" I’ll be monitoring your frequency "
— Zoe Saldana, Star Trek

MRQE Top Critic

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Colin Farrell is trapped in a phone booth by a sniper. It’s a tense situation presented in real time. It ought to be a tight, tense thriller. But Phone Booth has at least one fundamental flaw that no amount of good acting can counterbalance.

Cell Phone Ambition

Whitaker and Farrell negotiate a truce
Whitaker and Farrell negotiate a truce

Farrell is a scrappy agent, calling competing magazines on his multiple cell phones to leverage a better placement for his clients. He’s clawing his way to the top and has no respect for anyone with less ambition than he has.

Part of his ambitious lifestyle includes having two women: his wife and a hot bartender he’s trying to bed. Since his wife Kelly (Radha Mitchell) looks at his cell phone records, he uses the booth — the last one in New York City, we are told — to call Pamela (Katie Holmes).

And that’s when his troubles begin. The phone in the booth rings just after he hangs up. It is the calm, sick voice (Keifer Sutherland) that will haunt him for the next 80 minutes. The voice knows who Stu is, what he does, and just about every dirty little detail of his life.

Hostage Situation

During the first minutes of the call, Stu would be wise to simply hang up on the crank. In fact, the script goes through some contortions to plausibly keep him on the line. But eventually, the sniper proves he has a gun and very good aim, and Stu realizes he is trapped, a hostage held at a distance. If he hangs up, or breaks any of the sniper’s other rules, he’s dead.

When the sniper shoots a pimp whose prostitutes use the phone for business, the cops, led by Captain Ramey (Forest Whitaker), arrive. They assume Stu shot the pimp. They correctly assume this is a hostage situation, but they think Stu is the gunman, and they don’t know about the sniper.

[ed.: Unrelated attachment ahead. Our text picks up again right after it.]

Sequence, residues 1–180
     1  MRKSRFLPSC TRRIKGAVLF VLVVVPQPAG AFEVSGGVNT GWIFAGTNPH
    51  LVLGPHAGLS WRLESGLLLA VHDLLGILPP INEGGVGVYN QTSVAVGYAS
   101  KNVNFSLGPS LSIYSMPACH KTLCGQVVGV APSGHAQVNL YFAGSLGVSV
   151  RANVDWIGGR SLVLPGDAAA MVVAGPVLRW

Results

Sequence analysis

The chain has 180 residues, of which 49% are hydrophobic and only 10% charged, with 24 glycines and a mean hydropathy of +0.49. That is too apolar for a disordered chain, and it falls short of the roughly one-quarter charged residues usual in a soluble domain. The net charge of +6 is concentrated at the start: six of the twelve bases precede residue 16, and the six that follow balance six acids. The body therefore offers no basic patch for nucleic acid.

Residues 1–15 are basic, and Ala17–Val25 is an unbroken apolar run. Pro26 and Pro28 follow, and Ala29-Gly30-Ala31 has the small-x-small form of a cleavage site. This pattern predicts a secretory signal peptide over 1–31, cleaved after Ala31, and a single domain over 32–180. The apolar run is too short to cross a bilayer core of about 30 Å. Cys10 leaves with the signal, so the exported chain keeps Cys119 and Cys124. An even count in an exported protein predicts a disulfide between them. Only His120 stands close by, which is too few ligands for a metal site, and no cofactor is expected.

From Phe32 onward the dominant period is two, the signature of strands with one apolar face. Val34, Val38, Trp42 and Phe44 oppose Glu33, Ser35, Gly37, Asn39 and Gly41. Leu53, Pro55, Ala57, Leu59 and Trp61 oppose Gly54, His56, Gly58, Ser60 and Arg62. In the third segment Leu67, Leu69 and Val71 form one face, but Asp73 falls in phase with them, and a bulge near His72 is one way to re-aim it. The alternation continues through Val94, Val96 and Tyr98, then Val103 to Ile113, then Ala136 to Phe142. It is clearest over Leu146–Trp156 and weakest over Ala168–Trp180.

Who’s Calling?

The potential for suspense is great, but Phone Booth is not very good. The biggest problem is that the villain is unexplained. Sure, we know his identity by the end, but where does he get his information, and why does he do what he does? The only answer Phone Booth gives is that he must be a madman. But insanity comes in predictable shapes and sizes. Our sniper’s petty moralizing, his interest in punishing scumbags, rings false and contrived.

Why would such a villain pick our hero? The sniper’s other targets were a pedophile pornographer and a corrupt CEO. Our current target is merely a jerk to talks too loudly on his cell phones. His greatest crimes are ambition and lusting in his heart. The sniper might as well pick on Jimmy Carter.

The point is, the screenplay is written only from hero’s point of view. Screenwriter Larry Cohen probably asked “Wouldn’t it be weird to be in this situation? What would you do?” But without a plausible character on the other end of the phone, it’s a little hard to imagine the situation. At least Cohen could have made the story science fiction, a genre that allows you to build implausible things into the premise. A real setting in modern New York requires something more believably frightening than “a madman.”

Acting Their Way Out of a Phone Booth

Because the film has the illusion of real time, Farrell’s role is demanding, and he gives a very good performance. His character drops from cocky swagger to defeated bystander over the course of 81 minutes. Forest Whitaker is fascinating in everything he does, including this film. Keifer Sutherland is an excellent choice for the voice on the phone; he’s confident and intelligent with just a hint of cold menace.

Good casting helps Phone Booth, but not enough to make up for the unexplained and implausible villain.